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Articles in regional publications that pertain to a wide range of North Carolina-related topics.

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Record #:
29607
Author(s):
Abstract:
The Museum will display a selection of prints by Edvard Munch which focus on the symbolism in his work. Munch was a Norwegian artist whose paintings, drawings, and prints draw the viewer into his inner world of raw emotion and anxiety. Munch explored themes such of love and jealousy, loneliness and anxiety, and sickness and death in his work through symbolism. This exhibition looks at Munch’s achievement as a printmaker and was one of the most influential and prolific printmakers of the modern era.
Source:
Preview (NoCar Oversize N 715 R2 A26), Vol. Issue , Fall 2012, p14-17
Record #:
29608
Author(s):
Abstract:
A Discerning eye: Julian T. Baker Jr. Photography Collection The photography collection of Julian T. Baker, Jr. of Raleigh was recently acquired by the museum and will be on display through December. Baker’s collection is one of over 700 photographs spanning from 1903 to 2005 and focuses primarily on black and white images. His collection includes works from celebrated photographers such as Ansel Adams, Brett Easton, Alfred Stieglitz, and Dorothea Lange.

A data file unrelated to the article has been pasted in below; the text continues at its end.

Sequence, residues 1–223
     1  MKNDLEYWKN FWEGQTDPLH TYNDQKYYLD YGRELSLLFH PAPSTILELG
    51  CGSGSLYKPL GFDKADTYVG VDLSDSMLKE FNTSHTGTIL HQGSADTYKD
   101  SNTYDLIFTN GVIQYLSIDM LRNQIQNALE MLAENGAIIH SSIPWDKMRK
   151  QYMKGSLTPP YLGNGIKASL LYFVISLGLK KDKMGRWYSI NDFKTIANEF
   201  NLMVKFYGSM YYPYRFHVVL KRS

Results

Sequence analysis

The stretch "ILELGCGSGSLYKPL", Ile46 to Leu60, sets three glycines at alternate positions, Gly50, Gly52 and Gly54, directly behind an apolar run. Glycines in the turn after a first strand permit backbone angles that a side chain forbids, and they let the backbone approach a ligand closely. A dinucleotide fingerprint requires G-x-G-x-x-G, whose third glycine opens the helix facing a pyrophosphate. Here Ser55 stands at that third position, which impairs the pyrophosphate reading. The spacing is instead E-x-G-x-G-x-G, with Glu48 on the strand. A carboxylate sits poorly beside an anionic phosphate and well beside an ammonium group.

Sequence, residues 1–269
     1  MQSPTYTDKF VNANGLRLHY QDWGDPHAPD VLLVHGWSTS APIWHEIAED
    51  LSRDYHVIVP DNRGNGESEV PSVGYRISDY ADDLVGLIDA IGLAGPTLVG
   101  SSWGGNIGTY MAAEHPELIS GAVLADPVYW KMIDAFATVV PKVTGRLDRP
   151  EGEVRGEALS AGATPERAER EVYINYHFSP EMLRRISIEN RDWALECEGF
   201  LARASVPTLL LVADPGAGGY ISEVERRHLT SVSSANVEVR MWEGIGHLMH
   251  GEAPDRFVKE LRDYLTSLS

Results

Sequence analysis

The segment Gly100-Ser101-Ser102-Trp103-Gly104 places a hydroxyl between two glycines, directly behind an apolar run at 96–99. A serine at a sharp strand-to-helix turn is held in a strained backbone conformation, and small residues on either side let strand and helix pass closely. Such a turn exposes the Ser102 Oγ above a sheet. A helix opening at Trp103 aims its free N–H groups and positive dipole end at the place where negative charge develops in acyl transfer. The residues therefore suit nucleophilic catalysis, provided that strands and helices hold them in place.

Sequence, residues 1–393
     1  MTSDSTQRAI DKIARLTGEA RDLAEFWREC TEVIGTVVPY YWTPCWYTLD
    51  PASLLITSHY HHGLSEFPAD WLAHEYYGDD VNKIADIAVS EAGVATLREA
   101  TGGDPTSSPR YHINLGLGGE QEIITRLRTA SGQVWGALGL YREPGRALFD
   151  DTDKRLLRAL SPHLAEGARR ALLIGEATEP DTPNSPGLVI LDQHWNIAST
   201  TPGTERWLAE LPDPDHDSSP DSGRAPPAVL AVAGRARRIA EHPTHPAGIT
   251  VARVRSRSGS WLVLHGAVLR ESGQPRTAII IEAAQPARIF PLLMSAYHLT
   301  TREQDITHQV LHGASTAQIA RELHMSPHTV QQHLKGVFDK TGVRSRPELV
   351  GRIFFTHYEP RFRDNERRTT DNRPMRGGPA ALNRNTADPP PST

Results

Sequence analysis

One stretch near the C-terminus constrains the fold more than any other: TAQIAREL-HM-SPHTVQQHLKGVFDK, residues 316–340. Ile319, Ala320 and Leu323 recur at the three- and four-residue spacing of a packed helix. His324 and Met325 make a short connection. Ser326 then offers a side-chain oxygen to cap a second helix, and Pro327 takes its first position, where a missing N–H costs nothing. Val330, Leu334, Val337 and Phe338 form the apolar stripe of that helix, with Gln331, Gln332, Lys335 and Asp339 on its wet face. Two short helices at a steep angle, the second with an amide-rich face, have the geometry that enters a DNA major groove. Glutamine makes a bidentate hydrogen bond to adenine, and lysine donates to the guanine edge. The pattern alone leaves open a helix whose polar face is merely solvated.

Source:
Preview (NoCar Oversize N 715 R2 A26), Vol. Issue , Fall 2012, p20-21, il
Record #:
29611
Author(s):
Abstract:
The Museum’s most recent acquisition is Jennifer Steinkamp’s video installation titled Mike Kelley. The image of Steinkamp’s dancing tree is one of the first works visitors see when entering the West Building and has quickly become one of the most popular and captivating works of art at the Museum. The artist uses light, color, and movement to create an image inspired by the natural world, but created using 3-D computer animation software. Projected on a wall, the tree cycles through the four seasons in eight minutes and invites viewers to immerse themselves in the work by taking the time to watch it change.
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Preview (NoCar Oversize N 715 R2 A26), Vol. Issue , Fall 2010, p20-21
Record #:
29609
Author(s):
Abstract:
The inaugural exhibition in the Museum’s new North Carolina Gallery is titled Inverted Utopias and features 20 key works by Bob Trotman. North Carolina artist Trotman began his career as a furniture maker before transitioning to a full-time sculpture artist in 1997. Trotman’s painted and carved-wood portraits depict people at dramatic transitional moments on the brink of change. His works are often both humorous and unsettling and in unusual positions.
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Preview (NoCar Oversize N 715 R2 A26), Vol. Issue , Fall 2010, p6-11
Record #:
29612
Author(s):
Abstract:
Jaume Plensa’s Doors of Jerusalem I, II, & III greet visitors as they enter the Museum’s West Building. The three larger figures are mounted high on the wall, are translucent, and are lit from within with words covering their bodies. The words are from the Song of Solomon found in the Bible and the names of the eight gates of the walled city of Jerusalem cover the figures mouths. The figures are described as contemporary gargoyles or celestial beings and their composition and the artist’s style are detailed here.